A party led by a former Kosovo Albanian guerrilla leader has won the breakaway province's parliamentary election, according to unofficial results.
Hashim Thaci has promised to declare formal independence from Serbia after 10 December - the UN deadline for Albanians and Serbs to reach a deal.
It seems likely his party will have to form a coalition with bitter rivals.
Serbs, who want Kosovo to remain part of Serbia, boycotted the polls, which saw a record low turnout.
If Mr Thaci's party did in fact win the largest number of seats in the 120-seat parliament, a period of negotiations is likely to take place before a coalition government is formed, the BBC's Nick Hawton reports from the Kosovo capital, Pristina.
But every ethnic Albanian party, our correspondent adds, has the same priority: trying to make Kosovo an independent state in its own right and break away from Serbia.
EU Enlargement Commissioner Olli Rehn called for the "rapid formation" of a new government and urged Kosovo's new leaders to "work constructively for a sustainable status settlement".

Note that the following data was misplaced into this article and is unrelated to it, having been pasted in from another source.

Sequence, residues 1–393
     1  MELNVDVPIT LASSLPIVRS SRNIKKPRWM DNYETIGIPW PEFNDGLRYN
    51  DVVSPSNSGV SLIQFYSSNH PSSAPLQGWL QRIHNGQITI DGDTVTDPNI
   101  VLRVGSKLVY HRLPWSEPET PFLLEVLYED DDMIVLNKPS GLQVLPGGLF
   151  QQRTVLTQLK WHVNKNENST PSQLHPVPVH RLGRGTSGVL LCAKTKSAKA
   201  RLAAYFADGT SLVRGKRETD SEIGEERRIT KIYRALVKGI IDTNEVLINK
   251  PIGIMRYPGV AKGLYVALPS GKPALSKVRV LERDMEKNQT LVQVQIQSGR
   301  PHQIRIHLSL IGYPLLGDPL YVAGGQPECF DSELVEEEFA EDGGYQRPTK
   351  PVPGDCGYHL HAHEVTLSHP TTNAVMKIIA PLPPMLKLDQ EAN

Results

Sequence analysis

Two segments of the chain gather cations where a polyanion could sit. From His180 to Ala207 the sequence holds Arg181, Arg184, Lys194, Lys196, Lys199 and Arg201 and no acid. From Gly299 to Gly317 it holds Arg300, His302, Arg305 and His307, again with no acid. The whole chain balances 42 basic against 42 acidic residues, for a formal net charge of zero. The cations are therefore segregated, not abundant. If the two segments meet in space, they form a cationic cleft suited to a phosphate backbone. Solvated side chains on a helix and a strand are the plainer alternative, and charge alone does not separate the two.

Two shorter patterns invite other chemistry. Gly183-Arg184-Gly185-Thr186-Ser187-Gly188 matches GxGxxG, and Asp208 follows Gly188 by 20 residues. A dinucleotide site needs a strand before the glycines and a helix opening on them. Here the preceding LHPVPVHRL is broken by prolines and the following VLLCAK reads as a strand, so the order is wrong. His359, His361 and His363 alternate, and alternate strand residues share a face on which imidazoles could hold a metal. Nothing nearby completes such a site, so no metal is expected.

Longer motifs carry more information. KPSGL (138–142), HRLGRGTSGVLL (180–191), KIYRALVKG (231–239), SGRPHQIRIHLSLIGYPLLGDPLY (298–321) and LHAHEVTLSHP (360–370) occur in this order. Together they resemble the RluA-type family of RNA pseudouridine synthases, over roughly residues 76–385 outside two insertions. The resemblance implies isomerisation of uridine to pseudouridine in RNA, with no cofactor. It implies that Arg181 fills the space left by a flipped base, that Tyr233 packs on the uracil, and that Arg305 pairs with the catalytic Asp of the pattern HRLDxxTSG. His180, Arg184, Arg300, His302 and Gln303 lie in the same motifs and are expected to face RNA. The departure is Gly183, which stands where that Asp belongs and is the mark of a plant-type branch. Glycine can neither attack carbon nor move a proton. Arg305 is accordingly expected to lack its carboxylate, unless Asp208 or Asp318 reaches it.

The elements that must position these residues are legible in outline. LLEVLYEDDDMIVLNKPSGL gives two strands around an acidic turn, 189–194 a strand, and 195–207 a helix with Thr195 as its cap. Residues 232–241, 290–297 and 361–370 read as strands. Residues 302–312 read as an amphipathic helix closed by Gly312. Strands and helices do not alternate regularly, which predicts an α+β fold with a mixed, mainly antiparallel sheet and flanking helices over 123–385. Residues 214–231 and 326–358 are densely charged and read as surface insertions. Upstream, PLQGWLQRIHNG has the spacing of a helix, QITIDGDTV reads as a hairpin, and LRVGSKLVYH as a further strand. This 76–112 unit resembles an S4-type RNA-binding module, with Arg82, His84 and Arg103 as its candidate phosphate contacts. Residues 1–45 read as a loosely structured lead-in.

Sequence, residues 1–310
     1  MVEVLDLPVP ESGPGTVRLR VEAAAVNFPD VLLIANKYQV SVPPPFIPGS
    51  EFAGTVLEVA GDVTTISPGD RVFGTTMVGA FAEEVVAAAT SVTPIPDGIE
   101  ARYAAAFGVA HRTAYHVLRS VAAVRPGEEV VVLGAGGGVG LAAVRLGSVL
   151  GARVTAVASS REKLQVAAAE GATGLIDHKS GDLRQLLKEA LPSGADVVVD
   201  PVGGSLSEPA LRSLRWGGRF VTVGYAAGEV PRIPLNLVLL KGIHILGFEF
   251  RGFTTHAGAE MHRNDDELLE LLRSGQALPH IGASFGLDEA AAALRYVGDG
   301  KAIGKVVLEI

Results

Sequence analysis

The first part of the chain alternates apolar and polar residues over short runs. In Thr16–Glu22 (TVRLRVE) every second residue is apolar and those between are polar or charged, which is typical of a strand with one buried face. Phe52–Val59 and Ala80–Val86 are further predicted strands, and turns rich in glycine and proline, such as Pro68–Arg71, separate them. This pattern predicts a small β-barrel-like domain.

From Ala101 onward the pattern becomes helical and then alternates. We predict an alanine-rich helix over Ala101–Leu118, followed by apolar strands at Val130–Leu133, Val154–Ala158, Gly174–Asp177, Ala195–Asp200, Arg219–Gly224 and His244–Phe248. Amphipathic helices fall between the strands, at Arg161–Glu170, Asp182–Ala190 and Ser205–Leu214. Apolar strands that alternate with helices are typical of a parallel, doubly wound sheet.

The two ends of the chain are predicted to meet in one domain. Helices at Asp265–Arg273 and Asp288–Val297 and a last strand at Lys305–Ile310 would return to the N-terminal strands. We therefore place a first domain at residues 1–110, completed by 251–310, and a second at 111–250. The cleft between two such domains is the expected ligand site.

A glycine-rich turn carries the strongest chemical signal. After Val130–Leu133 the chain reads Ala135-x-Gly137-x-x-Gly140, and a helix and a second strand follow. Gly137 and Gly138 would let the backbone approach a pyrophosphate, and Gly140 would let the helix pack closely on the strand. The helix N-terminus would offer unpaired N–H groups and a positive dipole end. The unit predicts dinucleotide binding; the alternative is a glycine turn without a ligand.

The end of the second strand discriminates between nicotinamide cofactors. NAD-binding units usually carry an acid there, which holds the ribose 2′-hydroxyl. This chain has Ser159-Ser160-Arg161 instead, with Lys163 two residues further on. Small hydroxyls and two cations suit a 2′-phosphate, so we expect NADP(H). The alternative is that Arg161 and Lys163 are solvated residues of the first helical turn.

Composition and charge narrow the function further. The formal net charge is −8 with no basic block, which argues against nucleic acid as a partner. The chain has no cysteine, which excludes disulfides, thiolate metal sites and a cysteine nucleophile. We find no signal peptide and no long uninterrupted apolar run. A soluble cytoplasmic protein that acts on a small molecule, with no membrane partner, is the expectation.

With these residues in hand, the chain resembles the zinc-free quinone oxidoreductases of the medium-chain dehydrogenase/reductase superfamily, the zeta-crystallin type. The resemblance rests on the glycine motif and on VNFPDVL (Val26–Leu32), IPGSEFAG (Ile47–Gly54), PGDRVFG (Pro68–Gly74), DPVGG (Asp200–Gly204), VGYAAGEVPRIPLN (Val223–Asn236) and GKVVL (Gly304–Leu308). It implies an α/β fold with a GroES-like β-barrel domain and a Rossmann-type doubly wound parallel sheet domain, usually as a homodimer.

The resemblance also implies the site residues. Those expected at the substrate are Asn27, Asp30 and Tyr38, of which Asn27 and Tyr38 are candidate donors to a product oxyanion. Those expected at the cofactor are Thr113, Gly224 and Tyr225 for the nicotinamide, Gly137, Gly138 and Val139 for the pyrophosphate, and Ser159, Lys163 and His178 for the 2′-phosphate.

Kosovo is formally part of Serbia but has been run by the United Nations since 1999 when Nato ejected Serbian forces from the province.
"We will declare independence immediately after 10 December," Mr Thaci told cheering supporters as results were coming in.
"With our victory today begins the new century... Today Kosovo citizens sent a message to the world, that we are a democratic society, that we are ready to take our country towards the European Union."
Mr Thaci's Democratic Party had won 34% of the vote with more than 90% of ballots counted, independent observers said.
That puts the former leader of the Kosovo Liberation Army in pole position to be prime minister.
The rival Democratic League of Kosovo, which has dominated Kosovo politics since independence, trailed in second place with 22% of the vote, election monitors said.
Official final results may take several days to come through.
According to election officials, the turnout was around 45%, the lowest since 1999.
Council of Europe representatives described the turnout as "alarmingly low".
Correspondents say the low figure was down to poor weather and disenchantment with economic prospects, not second thoughts about independence.
One hundred of the 120 seats in the provincial assembly were up for direct election, with the rest reserved for Serbs and other minorities.
The Serbian government had called on ethnic Serbs not to vote so as to avoid legitimising the new government.
A Kosovo Serb spokesman, Rade Negojevic, said just three out of 46,000 Serbs in northern Kosovo had cast ballots.
"Two people voted in Leposavic district, one in Zvecan and not a single person in Kosovska Mitrovica," he said.